• Microsoft Research’s Indian Election Game

    Posted by David Rothschild

    David Rothschild

    The final voting for the India’s general election concludes at 6:30 PM local time on Monday, May 12 and, “as the voting closes in India, no one knows what the results will be.” There are total of 814 million eligible voters in this massive display of democracy, which is why voting is spread out over more than a month (not enough polling machine and election workers, so they need to move around the country). It will take an additional four days to count the final vote tallies, due to be released on Friday, May 16, although we expect exit polls to be released as the voting closes.

    While readers from the United States are accustomed to intense and accurate coverage of the election polls through Election Day (the US is already inundated with 2016 election polls), India bans polling from being released during the voting portion of the campaign. Microsoft Research saw this as an opportunity to test a new crowdsourcing prediction game to see how well we could do at predicting the unpredictable.

    The Indian Elections Game, joint work between Microsoft Research India, including Shipra Agrawal and Nikhil R. Devanur, and Microsoft Research New York City, including Miro Dudik and myself, was released just before voting began on April 7 and ran through today’s final voting day. Nearly 4,000 users created their predictions on the number of seats that any given party, or combination of parties, would get in any of the 35 voting states and union territories. For example, a user may look at Delhi’s seven seats and predict that BJP would get between 4 and 5 seats while Congress (INC) would get between 0 and 1 seats.

  • How Search Can Help in a Medical Crisis

    Posted by Rob Knies

    Nina Mishra

    One day, a woman named Lisa is walking her dog, Lucky, when she meets an elderly neighbor. Suddenly, the neighbor falls unconscious and stops breathing.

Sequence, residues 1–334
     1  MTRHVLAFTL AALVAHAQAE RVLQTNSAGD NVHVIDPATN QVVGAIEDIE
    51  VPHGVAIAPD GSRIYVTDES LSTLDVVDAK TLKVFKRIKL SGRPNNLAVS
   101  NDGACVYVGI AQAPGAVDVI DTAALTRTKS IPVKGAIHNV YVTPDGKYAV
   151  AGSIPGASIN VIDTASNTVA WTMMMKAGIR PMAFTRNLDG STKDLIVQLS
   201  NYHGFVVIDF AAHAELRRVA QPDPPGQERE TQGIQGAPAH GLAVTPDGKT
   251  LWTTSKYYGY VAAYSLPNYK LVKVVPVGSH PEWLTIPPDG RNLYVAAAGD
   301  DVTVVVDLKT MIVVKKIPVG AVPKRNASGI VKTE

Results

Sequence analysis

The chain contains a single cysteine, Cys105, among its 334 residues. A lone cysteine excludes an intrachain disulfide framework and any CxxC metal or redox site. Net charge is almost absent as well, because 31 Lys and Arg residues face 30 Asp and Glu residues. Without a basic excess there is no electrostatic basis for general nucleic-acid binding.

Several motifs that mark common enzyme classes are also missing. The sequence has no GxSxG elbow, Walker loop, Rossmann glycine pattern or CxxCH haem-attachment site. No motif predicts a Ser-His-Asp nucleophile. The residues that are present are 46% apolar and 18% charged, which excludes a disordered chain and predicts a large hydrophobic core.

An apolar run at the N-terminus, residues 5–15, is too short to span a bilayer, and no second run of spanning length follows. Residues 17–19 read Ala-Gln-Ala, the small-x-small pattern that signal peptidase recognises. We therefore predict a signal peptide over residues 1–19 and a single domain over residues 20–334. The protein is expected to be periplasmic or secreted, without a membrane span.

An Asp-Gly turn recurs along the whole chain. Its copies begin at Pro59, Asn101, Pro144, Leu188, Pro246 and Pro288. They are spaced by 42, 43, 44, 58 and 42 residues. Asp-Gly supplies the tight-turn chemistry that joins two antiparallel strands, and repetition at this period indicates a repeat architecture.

What would you do in this scenario? These days, many people’s initial reaction would be to reach for their mobile phones and seek help. But today’s search engines don’t offer pertinent assistance for such a situation. You can go to Wikipedia or the Mayo Clinic site, but those resources are designed for relaxed information seeking, not for urgent settings such as the one above.

    How could search help? Working with a collection of collaborators, Nina Mishra of Microsoft Research aims to find out.

  • Making It Easy for Educators to Go Cutting-Edge

    Posted by Rob Knies

    Office Mix logo

    There has been lots of discussion over the past couple of years about the future of higher education. First, many universities embraced the idea of massive open online courses (MOOCs) to broaden their teaching to a global scale.

    Then, after observing that MOOCs haven’t fared all that well in real-world scenarios, others have parried with the concept of SPOCs—small private online classes—that offer video lectures as homework and classroom time as an opportunity to refine students’ comprehension of what they viewed online. This is being called “blended” learning.

    Interesting times, but there are commonalities among these approaches. Online lessons must be created, quizzes and interactive exercises must be inserted, and attention must be paid to analytics to achieve continual improvement. The problem is that there has been no easy tool to democratize the creation, publication, and sharing of online lessons—and augmenting them with built-in data analytics. 

    Enter Office Mix.

  • Two Years On, New York City Lab’s Roots Run Deep

    Posted by Rob Knies

    New York City

    It’s been two years since Microsoft Research New York City was founded—and nine months since the lab established a permanent, bespoke home in the Flatiron District, smack dab in the middle of Silicon Alley. So how have things gone so far?

    Pretty darn well, if you ask Jennifer Chayes, managing director of the New York City facility.

    “In many ways,” she says, “the lab has become the top research group in data science worldwide.”

    That’s one of the messages Chayes and colleagues will be delivering on May 5, when Microsoft Research New York City hosts an open house to show off its new space to an assemblage of select academics.

  • How Today’s Creativity Will Inform Our Entertainment of the Future

    Posted by Rob Knies

    Creativity Conference logo

    What does the “creative process” really mean? Where do creative ideas come from? What is the relationship between creativity and technology?

    Answering these questions, and a host of similar ones, will provide the focus for the second annual Creativity Conference, being held May 2 at The Newseum, in Washington, D.C. The event is designed to underscore the importance of innovation and creativity and will feature a collection of experts from the entertainment, technology, and political realms who will examine the themes of creativity, technology, and the economy.

    Among those experts are a couple of scientists from Microsoft Research: Mary Czerwinski and Kati London